Officials say they are planning to cover the remains of Grenfell Tower with a screen decorated by schoolchildren's artwork.
In an interview with the Sunday Times, Michael Lockwood, the site and remediation manager of the block in west London, said that local primary school pupils have been asked to create images that may “help them look up and smile”.
Lockwood, who is also the chief executive of Harrow council, was drafted in by the government to help with the recovery operation. Last week he told a public residents meeting that it would take 18 weeks for the tower to be covered.
"We considered if this might look like the tragedy is being hidden, but people said 'We want it covered because it’s so distressing.' It’s what the community wants," he said.
"Many of them said it was upsetting looking up at the tower when they have lost friends in the fire... So I asked them if they would like to come up with paintings of what they would like to see on the building instead."
A spokesperson for the Grenfell Fire Response Team told BuzzFeed News that it was an idea discussed with pupils and parents, which they were keen on. However, nothing has been commissioned yet, and discussions with headteachers still need to take place.
Jackie Haynes lives next to the tower with her daughter and brother. She told BuzzFeed News that it's so distressing looking at the tower's scorched shell, she's avoided looking up at it ever since the tragedy two months ago.
"I can't look at it, I don't look at it, I function every day walking past it and not looking at it," she said. "When I go to the tube station I look in another direction because for me it's not just a tower – that tower has a whole lot of memories and it brings everything back when you look at it."
Haynes said covering the site with paintings would stop members of the public treating the charred remains of the tower like a circus, but nothing would be able to "cover over that hell".
"It works for the public, for other people, because then we're not such a stage show, such a circus, and it probably would be a lot better for locals because of the traumatic memories," she said.
"I think that building just has to go," she added. "Whatever they turn it into, it would still be a murder scene and the graveyards of those victims."
Paul Menacer, who escaped from the sixth floor of the building, told BuzzFeed News he was one of the many survivors who agreed with plans to cover the tower with images created by local schoolchildren. "We thought we can't keep looking at what we're looking at right now – a burnt building," he said.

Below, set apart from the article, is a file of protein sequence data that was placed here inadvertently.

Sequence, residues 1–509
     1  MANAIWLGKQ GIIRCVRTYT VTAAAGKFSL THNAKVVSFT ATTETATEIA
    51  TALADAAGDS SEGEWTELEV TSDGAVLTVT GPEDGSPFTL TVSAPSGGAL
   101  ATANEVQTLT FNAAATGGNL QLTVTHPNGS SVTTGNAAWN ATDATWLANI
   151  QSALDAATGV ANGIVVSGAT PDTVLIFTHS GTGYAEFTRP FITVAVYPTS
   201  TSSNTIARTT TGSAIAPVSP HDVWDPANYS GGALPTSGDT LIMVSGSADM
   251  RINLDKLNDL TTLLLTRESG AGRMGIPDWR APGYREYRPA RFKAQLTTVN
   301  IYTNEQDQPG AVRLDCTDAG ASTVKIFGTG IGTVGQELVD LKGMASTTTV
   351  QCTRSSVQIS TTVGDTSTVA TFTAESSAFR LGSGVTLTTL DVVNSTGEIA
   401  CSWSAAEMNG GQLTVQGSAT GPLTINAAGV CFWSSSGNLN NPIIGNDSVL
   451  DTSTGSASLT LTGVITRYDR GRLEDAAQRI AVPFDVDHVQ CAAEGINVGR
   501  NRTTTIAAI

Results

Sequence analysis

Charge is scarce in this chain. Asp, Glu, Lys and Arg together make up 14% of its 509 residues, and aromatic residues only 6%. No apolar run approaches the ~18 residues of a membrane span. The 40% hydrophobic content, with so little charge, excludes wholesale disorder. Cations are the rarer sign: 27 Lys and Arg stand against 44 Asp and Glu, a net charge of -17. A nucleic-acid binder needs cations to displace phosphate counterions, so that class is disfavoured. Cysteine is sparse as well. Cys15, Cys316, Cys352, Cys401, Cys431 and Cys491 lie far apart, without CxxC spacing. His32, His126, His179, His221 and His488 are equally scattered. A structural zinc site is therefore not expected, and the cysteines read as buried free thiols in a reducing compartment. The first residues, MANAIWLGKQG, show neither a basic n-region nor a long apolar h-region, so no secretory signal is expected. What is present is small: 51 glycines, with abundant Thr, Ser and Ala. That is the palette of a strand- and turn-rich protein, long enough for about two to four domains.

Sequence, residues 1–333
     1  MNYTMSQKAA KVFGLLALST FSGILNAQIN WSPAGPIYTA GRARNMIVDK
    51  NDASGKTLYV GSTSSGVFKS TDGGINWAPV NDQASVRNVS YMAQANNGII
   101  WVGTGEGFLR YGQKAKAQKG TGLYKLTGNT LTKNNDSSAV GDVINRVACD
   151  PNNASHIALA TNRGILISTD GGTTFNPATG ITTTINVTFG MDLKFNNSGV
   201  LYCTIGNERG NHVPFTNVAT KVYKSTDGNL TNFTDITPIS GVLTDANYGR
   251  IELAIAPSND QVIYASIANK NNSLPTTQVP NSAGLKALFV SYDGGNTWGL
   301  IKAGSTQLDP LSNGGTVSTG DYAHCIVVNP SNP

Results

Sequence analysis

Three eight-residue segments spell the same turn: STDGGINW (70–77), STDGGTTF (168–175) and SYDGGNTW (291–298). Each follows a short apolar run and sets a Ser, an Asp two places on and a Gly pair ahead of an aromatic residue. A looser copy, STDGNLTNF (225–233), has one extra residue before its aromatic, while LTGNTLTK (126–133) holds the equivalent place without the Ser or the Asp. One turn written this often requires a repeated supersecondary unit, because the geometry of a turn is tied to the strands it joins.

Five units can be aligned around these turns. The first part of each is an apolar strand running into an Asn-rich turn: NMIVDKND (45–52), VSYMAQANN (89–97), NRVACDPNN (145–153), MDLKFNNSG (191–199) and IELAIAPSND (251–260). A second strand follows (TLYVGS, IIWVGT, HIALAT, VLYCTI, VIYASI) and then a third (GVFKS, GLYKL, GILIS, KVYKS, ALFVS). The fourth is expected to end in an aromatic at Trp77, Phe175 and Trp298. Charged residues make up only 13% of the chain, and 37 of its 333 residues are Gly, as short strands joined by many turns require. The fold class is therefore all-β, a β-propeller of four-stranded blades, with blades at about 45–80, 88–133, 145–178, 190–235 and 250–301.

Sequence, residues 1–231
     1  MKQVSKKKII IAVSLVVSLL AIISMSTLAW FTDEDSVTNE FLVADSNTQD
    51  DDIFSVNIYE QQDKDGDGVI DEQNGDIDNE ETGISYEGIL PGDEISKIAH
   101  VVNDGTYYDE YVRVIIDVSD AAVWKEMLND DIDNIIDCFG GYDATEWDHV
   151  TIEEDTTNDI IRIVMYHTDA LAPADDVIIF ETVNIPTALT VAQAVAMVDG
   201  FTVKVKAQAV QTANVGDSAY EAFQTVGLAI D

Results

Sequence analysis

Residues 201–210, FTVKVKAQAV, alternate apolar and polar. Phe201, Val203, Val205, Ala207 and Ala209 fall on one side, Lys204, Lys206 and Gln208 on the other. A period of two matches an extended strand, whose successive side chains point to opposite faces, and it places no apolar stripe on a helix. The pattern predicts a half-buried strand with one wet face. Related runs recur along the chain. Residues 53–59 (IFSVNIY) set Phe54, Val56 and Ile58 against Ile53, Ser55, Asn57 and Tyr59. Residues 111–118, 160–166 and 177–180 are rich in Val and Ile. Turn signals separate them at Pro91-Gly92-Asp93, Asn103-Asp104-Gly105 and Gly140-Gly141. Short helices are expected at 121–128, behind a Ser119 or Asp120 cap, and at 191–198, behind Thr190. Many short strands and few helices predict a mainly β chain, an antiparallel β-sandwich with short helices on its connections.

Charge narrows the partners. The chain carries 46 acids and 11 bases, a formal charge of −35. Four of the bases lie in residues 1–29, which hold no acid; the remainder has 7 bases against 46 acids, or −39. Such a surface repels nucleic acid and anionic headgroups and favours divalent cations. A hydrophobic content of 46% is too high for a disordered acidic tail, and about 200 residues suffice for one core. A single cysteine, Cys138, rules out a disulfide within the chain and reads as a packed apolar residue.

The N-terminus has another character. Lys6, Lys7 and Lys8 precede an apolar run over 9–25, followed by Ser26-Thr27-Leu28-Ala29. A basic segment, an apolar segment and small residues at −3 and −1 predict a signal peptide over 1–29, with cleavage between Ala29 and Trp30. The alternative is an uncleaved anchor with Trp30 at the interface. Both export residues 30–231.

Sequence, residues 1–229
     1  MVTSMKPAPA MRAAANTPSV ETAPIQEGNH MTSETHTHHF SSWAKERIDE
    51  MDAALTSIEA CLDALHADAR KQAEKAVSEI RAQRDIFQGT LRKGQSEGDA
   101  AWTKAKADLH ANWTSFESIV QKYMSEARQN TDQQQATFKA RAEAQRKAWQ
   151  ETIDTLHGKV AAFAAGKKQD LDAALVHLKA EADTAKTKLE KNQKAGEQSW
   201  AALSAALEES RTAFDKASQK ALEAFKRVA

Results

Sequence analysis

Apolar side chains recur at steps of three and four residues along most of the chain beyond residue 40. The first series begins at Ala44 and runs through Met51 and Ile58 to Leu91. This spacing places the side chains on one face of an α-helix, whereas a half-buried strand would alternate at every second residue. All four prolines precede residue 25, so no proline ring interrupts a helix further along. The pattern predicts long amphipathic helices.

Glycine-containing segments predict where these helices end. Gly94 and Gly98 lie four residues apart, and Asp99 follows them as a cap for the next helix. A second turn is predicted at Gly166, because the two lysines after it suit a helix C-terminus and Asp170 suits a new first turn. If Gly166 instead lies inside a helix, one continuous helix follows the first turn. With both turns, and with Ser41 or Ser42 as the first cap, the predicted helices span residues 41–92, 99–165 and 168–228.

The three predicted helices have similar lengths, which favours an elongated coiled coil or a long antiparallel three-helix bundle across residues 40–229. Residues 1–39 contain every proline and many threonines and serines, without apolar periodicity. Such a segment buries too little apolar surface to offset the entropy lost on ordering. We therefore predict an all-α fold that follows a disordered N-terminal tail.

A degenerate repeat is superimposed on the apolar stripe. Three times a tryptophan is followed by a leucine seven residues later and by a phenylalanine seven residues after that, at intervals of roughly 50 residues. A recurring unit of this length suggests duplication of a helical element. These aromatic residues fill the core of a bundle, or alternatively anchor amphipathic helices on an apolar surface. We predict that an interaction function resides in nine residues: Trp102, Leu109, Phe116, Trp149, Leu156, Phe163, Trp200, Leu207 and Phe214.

"The tower is about 20 times worse than what people see on TV. When you actually see it in person, people have actually told me firsthand that they can't believe how bad it actually looks," he added.
"You can see it from different parts of London. So for me it's time to just get it scaffolded up, get pictures on it, and let people think of good times of the building and not the bad times."
Menacer told BuzzFeed News that walking past the building reminds him of the tragedy, so covering the building in positive images will help to uplift the community.
"Every time we walk past it it's like a reminder about what's actually happened, so it's actually a good idea to cover the tower in paintings," he said. "Survivors have to put their hands on their face while they walk past it – they don't want to see it. It brings back nightmares and flashbacks. I's not good."
Menacer continued: "To me, that spot, regardless of what happens in the future, it will always be known as Grenfell. For me, it might bring a little bit of colour and good thoughts to some people looking at it, as opposed to just looking at a white forensic tent. When they look up at it, it might bring them good memories of the tower instead of bad memories."
Fiona Rutherford is a reporter for BuzzFeed News and is based in London.
Contact Fiona Rutherford at email@example.com.
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